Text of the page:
US Economy

Pimco's McCulley: Yellen facing big challenge

Janet Yellen's interest rate challenge

The Federal Reserve wants to raise interest rates, but Fed Chair Janet Yellen has a big challenge ahead in how she communicates the central bank's decision, Pimco's chief economist Paul McCulley told CNBC Thursday.

"I think the economy is improving in a very meaningful sort of way, and I think the Fed wants to get off of zero," McCulley said.

"Getting off of zero is not saying they are behind the curve, it's not saying we have an inflation problem, it is simply declaring victory on getting out of the liquidity trap and that's a very delicate communication strategy."

The Fed is scheduled to meet next week, and odds are increasing that it will drop a key phrase in its statement that says there will be "considerable time" from the end of the Fed's bond purchase to the first rate hike. Investors could see that as an indication that rate hikes are coming sooner than expected.

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Paul McCulley, chief economist of Pimco, is shown at the firm's headquarters in Newport Beach, Calif.
Patrick T. Fallon | Bloomberg | Getty Images

McCulley said that phrase is one of two that must be removed before rates can be increased. The other is that there is "substantial under-utilization of labor resources."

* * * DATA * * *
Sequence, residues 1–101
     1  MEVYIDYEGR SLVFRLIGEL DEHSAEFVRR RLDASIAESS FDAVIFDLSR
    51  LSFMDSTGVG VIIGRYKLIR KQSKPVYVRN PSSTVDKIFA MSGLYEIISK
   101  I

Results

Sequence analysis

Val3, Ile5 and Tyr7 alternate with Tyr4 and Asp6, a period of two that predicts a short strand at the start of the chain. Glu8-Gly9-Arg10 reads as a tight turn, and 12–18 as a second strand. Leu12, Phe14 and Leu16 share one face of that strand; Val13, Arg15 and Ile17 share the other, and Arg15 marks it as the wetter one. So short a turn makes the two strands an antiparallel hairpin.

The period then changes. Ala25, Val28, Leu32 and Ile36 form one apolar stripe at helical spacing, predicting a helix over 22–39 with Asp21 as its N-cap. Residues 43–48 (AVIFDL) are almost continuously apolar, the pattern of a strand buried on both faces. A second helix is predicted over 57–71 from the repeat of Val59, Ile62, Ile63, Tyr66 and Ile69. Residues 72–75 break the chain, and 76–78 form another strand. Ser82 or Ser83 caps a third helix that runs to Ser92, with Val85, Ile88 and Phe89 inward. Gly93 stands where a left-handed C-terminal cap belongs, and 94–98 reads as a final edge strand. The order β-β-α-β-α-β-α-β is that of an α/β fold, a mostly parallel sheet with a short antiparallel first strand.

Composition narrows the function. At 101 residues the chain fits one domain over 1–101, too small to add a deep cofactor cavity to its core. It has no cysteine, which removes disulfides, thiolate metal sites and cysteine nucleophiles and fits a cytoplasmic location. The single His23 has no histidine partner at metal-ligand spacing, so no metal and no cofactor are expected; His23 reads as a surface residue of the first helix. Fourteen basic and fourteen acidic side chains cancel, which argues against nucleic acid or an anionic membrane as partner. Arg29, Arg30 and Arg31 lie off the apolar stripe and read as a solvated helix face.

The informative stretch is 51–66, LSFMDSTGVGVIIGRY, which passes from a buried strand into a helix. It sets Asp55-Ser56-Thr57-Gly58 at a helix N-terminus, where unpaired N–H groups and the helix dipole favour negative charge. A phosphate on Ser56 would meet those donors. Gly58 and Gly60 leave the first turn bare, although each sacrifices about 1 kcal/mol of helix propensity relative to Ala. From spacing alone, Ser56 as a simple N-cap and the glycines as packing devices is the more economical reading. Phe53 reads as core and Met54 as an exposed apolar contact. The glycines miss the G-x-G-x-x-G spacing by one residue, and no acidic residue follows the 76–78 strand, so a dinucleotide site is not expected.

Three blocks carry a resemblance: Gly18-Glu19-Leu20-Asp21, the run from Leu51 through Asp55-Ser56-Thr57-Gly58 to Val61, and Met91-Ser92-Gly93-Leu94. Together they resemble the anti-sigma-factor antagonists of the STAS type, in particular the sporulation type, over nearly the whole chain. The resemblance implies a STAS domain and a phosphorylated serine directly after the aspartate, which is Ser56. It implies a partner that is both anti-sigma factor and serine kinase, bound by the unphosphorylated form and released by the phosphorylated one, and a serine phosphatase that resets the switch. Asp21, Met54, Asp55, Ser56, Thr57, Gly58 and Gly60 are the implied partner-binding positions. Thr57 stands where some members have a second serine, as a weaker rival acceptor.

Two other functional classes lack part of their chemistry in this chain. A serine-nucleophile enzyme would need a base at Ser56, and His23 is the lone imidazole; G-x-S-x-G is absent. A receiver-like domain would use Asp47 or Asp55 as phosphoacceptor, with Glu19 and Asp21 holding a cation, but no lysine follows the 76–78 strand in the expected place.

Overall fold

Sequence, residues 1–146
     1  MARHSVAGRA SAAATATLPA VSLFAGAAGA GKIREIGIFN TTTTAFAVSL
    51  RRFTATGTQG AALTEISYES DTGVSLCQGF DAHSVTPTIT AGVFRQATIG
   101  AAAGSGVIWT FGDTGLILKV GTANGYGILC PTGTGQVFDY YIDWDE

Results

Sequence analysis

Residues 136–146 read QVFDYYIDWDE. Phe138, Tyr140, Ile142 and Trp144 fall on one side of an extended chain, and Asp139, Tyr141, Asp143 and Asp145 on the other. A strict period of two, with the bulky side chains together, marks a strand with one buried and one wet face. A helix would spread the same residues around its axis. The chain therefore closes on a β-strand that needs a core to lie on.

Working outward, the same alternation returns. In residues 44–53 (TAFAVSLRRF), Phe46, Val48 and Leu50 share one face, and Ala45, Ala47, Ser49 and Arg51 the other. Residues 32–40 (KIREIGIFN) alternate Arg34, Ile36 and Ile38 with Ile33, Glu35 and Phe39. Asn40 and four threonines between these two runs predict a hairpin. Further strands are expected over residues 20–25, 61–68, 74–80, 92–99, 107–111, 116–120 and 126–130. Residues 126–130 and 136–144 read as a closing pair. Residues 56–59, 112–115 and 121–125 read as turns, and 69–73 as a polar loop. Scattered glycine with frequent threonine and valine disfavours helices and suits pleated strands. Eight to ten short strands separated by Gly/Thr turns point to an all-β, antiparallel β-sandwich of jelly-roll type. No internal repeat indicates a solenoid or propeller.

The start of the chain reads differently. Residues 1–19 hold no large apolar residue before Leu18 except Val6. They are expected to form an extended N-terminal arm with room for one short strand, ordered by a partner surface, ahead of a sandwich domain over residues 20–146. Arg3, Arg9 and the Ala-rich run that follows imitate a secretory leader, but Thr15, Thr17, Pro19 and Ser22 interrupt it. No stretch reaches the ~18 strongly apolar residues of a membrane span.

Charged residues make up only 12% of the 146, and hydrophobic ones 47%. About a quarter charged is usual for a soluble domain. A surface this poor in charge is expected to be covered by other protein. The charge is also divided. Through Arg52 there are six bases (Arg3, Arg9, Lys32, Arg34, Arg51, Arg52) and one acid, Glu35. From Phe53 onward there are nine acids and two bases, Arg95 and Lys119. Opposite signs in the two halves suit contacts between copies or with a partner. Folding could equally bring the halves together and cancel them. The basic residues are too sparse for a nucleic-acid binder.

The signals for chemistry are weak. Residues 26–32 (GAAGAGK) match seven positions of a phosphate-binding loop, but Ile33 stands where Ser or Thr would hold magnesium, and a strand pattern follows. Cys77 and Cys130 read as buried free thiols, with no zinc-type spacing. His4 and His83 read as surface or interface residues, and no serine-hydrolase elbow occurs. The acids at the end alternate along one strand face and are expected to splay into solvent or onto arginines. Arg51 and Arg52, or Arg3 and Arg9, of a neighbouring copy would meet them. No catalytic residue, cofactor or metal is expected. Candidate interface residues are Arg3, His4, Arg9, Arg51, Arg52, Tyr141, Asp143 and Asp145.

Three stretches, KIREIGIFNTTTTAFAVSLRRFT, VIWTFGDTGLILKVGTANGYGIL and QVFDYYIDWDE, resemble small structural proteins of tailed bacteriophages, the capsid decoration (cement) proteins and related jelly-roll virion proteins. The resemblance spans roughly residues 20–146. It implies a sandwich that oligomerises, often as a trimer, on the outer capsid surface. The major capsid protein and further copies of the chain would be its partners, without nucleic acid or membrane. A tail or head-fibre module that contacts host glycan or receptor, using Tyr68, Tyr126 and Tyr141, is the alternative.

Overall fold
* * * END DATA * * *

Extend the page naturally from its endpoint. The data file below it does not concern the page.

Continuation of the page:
"Those are the phrases that the marketplace is just pinned right to the wall on," he said. "The marketplace is telescoping forward the hike based upon the change of language that's potential at any time on those two phrases in the next number of FOMC meetings."

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Both the hawks and the doves on the committee have criticized the language. McCulley said that is because it is connected to the calendar, and they want to move to data dependency.

"The real issue becomes are you a hawk or a dove. How do you look at the data and how do you measure resource utilization and also quite frankly when do you want to induce a correction in risk assets, which is a significant probability once you change that language," he said.

Paul McCulley: Fed must change language

With a strong dollar and the global environment "darkening" in recent months, the Fed also finds itself in a "risk management paradigm."

"The risk associated with getting off of zero is higher if you are doing so in context of a weaker global economy and a stronger currency."

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The best scenario for the markets is if the central bank can raise rates for the overnight rate, but without moving the five-year/five-year forward rate very much, McCulley said.

"Then I think that you can have a pretty mild correction in both bonds and the equity markets," he predicted.

—By CNBC's Michelle Fox